2666 Revisited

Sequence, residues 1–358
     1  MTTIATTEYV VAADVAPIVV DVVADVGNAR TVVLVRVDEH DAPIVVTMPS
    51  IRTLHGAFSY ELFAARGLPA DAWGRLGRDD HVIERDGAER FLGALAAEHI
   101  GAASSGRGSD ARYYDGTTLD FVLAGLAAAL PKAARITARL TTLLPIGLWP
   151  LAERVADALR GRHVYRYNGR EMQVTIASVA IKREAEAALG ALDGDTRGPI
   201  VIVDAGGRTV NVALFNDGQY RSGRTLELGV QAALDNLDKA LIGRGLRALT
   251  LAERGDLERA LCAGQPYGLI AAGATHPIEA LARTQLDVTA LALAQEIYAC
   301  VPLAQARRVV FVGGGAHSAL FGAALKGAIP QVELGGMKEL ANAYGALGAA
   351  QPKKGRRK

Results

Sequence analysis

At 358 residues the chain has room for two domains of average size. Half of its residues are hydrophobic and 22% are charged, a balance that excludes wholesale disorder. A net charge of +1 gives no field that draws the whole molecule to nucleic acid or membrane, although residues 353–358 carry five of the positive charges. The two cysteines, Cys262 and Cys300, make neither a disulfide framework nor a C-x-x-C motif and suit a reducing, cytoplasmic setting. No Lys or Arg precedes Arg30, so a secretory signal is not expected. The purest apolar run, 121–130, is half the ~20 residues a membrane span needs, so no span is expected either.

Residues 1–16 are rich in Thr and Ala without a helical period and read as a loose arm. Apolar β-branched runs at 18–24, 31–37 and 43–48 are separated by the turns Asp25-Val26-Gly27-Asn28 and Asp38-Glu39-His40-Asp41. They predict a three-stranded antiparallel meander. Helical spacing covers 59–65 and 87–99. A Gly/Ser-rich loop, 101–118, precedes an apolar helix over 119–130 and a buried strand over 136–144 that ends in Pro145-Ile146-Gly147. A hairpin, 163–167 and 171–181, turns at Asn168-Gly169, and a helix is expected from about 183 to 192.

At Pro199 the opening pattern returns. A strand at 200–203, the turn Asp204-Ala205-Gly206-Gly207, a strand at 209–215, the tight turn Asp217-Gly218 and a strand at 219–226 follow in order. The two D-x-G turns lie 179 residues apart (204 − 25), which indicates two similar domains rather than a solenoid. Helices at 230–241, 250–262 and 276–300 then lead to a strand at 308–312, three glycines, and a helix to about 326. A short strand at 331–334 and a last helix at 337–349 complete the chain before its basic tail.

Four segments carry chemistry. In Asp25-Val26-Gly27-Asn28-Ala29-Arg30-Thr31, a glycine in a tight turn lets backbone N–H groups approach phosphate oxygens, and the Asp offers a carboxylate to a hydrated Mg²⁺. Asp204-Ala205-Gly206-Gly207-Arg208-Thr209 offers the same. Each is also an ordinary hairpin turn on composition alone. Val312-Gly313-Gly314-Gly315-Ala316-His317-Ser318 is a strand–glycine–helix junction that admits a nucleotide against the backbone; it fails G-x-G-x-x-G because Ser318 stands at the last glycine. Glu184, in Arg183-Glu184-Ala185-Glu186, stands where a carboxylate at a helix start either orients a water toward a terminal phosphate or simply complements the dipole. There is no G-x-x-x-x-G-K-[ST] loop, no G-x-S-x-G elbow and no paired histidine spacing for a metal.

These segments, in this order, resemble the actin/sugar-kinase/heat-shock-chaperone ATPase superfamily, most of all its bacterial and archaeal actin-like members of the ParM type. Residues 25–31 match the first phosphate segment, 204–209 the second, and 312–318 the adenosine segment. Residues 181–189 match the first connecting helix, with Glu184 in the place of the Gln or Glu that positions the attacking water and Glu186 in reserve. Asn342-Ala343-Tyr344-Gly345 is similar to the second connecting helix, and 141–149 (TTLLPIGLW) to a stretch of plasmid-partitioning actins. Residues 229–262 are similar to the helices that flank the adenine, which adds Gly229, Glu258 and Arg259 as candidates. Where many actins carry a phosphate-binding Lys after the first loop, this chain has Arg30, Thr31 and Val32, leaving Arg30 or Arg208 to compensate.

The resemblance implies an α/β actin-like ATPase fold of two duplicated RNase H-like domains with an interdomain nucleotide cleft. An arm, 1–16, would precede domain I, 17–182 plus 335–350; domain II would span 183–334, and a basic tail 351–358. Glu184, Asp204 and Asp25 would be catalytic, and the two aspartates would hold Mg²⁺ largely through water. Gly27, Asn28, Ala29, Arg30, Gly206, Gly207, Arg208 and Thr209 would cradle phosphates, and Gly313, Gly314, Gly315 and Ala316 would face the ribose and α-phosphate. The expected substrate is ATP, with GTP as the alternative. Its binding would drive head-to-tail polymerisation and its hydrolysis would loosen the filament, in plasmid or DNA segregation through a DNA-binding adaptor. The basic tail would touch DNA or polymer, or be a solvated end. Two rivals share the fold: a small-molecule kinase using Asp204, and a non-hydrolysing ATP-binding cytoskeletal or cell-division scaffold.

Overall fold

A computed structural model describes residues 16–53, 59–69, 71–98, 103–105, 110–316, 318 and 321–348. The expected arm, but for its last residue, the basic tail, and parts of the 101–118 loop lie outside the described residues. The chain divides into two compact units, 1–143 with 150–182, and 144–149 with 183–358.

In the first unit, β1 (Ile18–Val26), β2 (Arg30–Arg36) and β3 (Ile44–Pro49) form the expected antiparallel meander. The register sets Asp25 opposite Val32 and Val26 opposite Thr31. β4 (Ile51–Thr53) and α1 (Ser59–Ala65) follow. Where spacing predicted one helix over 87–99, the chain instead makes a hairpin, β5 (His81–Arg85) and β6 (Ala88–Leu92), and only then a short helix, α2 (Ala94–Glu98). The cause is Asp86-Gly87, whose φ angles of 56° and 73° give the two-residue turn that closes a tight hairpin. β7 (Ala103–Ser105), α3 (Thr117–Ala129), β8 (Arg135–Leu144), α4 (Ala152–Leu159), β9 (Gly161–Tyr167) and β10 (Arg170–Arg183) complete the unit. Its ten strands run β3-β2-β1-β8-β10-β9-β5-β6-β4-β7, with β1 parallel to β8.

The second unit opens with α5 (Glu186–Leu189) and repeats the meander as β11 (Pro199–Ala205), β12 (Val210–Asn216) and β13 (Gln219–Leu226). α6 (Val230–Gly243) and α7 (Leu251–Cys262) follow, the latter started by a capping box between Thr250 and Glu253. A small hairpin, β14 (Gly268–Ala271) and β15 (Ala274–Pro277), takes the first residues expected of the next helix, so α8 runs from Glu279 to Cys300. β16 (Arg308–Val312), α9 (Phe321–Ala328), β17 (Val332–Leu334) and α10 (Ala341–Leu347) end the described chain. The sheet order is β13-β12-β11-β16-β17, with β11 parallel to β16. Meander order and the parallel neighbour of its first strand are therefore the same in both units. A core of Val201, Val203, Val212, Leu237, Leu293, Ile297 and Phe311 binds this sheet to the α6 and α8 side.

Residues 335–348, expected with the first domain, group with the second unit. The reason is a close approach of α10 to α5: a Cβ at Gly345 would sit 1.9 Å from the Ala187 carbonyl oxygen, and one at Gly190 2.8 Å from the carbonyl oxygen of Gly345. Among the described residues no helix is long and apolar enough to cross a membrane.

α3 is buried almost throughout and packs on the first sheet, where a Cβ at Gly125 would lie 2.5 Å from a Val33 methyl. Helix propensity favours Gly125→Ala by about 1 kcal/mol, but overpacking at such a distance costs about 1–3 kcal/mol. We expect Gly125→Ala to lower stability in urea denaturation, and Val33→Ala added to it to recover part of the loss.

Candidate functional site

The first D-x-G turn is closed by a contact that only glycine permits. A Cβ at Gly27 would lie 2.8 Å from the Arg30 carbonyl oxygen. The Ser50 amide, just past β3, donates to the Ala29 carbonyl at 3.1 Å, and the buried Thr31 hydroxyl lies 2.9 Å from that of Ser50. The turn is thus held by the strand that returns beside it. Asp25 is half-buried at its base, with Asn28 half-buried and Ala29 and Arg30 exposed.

Reading Roberto Bolaño’s 2666 again (and yet again, eternally it seems, which is a sort of beautiful curse, or a curse that has no end) and there is a terror, a real terror, to certain lines, and not because of any pyrotechnic language but rather because of the direct plainness of it, as in the very early section where Morini (wheelchair-bound Morini, or perhaps faking to be wheelchair-bound, a heretical reading of the text, I know) has a nightmare about Liz Norton (“when she suffered, her pain was clearly visible”) which makes her a person to fall in love with, a person to love without honor or at least without the codes that govern love without honor, a nightmare that involves a pool (a pool governed by shadows) and Liz and Morini searching for Liz in the fog and afraid that he may topple into the pool and the line “Morini was about to shout again and wave when he sensed someone at his back. Two things were instantly certain: the thing was evil and it wanted Morini to turn around and see its face” (47). These lines, somehow, correct the world, or a perception of the world, which is to say that the evil here is not of psychology (True Detective recently pushed against this model, until its final episodes, but so much of our narrative today resolves itself around the psychology of the protagonists, as if neuro-science has become the new meta-narrative, or as if psychology were not really the individual expression of a sickness, an aberration, a cosmic aberration that includes [a thought only thought in the darkest of night: humanity itself]) but rather of something at once more cosmic and more banal, as if time itself had leaked back into the world, and in leaking brought with it the rust of pipes.) Of all the recent books (Julia Kristeva’s Powers of Horror and Mezzo and Pirus’s King of the Flies being the exceptions) 2666 comes closest glimpsing evil in both its capital E and lowercase e versions.